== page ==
idw – Informationsdienst Wissenschaft

Nachrichten, Termine, Experten

Grafik: idw-Logo
Medienpartner:
WJ2014


Share on: 
04/02/2012 17:55

New research could stop tumour cells from spreading

Helena Aaberg Information Office
University of Gothenburg

    Researchers from the Department of Chemistry and Molecular Biology at the University of Gothenburg have managed for the first time to obtain detailed information about the role of the protein metastasin in the spread of tumour cells. Published recently in the renowned Proceedings of the National Academy of Sciences (PNAS), the study paves the way for the development of new drugs.

    Metastasin is a protein with a key role in the spread of tumour cells.
    Previous research has shown that it is activated through the binding of calcium ions and then binds to and modulates other proteins.

    Increases the spread of tumour cells
    One of metastasin’s binding partners is a motor protein called non-muscle myosin. Motor proteins are the driving force behind cell mobility. By binding to this protein, metastasin can increase the spread of tumour cells, acting as a kind of gas pedal for the cancer engine.

    “Using a method called X-ray crystallography, we have managed for the first time to obtain detailed information on how metastasin binds to a motor protein, a process that facilitates the spread of tumour cells,” explains researcher Gergely Katona.

    Detailed picture
    It has been possible to image metastasin and calcium-ion-bound metastasin using X-ray crystallography before, but the researchers at the University of Gothenburg are the first to have imaged the structure of calcium-ion-activated metastasin with an attached non-muscle myosin fragment.

    “This has given us information about regions of both metastasin and the motor protein that are crucial for metastasin’s ability to bind to the motor protein. This is important to know for drugs to be developed that block these specific regions and so prevent this binding.”

    The image of the two molecules gives us a better understanding of how metastasin binds to the motor protein, so increasing cell mobility and the spread of tumour cells. This understanding in turn paves the way for the development of new drugs to prevent this harmful interaction between molecules and so stop tumour cells from spreading.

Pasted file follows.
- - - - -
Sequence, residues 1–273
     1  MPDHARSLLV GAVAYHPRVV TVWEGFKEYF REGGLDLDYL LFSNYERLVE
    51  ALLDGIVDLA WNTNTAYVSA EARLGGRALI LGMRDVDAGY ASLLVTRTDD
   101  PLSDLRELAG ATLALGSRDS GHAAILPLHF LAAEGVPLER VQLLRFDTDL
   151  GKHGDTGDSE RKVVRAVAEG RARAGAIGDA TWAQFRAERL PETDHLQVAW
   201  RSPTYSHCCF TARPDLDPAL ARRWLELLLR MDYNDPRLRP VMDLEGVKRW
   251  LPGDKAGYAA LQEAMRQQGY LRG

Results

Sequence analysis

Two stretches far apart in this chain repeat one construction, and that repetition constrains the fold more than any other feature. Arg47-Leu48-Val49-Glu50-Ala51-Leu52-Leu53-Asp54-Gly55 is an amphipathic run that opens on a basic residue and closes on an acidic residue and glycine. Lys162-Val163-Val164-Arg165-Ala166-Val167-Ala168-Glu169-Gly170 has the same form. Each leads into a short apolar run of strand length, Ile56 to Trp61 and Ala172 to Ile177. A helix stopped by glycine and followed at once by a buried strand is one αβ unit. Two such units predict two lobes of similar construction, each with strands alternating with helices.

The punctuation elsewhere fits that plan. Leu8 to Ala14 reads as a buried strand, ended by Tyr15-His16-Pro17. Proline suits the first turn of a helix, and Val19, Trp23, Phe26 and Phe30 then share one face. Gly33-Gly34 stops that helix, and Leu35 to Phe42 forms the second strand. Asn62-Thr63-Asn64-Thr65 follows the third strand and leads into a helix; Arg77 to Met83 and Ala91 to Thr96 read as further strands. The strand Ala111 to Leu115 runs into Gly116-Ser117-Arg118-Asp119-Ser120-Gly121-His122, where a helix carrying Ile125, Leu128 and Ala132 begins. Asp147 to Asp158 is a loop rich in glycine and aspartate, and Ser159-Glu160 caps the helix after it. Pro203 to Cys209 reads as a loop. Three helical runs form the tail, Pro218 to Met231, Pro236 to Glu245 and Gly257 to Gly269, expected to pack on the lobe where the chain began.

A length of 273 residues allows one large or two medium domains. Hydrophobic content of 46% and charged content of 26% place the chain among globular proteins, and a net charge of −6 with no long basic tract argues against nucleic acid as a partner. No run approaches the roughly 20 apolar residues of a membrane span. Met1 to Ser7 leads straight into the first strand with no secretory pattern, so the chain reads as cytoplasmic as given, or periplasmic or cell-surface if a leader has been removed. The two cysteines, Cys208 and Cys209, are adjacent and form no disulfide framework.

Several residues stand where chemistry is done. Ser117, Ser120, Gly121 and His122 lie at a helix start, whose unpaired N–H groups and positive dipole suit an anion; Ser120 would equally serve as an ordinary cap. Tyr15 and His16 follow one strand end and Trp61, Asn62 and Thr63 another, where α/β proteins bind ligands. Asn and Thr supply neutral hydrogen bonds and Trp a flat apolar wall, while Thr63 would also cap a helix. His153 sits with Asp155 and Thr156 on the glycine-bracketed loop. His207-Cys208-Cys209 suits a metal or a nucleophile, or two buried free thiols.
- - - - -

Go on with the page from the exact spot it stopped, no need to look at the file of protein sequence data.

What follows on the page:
“The metastasin and the motor protein can be imaged as a snapshot, but the next stage is to create a kind of video to see how the molecules move when binding to one another,” explains Katona.

    Gergely Katona is a researcher at the Department of Chemistry and Molecular Biology at the University of Gothenburg.

    Bibliographic data:
    Journal: PNAS - Proceedings of the National Academy of Sciences
    Title: Crystal structure of the S100A4–nonmuscle myosin IIA tail fragment complex reveals an asymmetric target binding mechanism
    Authors: Bence Kiss, Annette Duelli, László Radnai, Katalin A. Kékesi, Gergely Katona, and László Nyitray

    For more information, please contact: Gergely Katona
    Telephone: +46 (0)31 786 3959
    E-mail: gergely.katona@chem.gu.se


    more information:

    http://www.science.gu.se/aktuellt/nyheter/Nyheter+Detalj//-ny-forskning-kan-forh...


    Criteria of this press release:
    Journalists, Scientists and scholars, Students, Teachers and pupils, all interested persons
    Biology, Medicine
    transregional, national
    Research projects, Research results
    English


    Gergely Katona


    For download

    x

    Help

    Search / advanced search of the idw archives
    Combination of search terms

    You can combine search terms with and, or and/or not, e.g. Philo not logy.

    Brackets

    You can use brackets to separate combinations from each other, e.g. (Philo not logy) or (Psycho and logy).

    Phrases

    Coherent groups of words will be located as complete phrases if you put them into quotation marks, e.g. “Federal Republic of Germany”.

    Selection criteria

    You can also use the advanced search without entering search terms. It will then follow the criteria you have selected (e.g. country or subject area).

    If you have not selected any criteria in a given category, the entire category will be searched (e.g. all subject areas or all countries).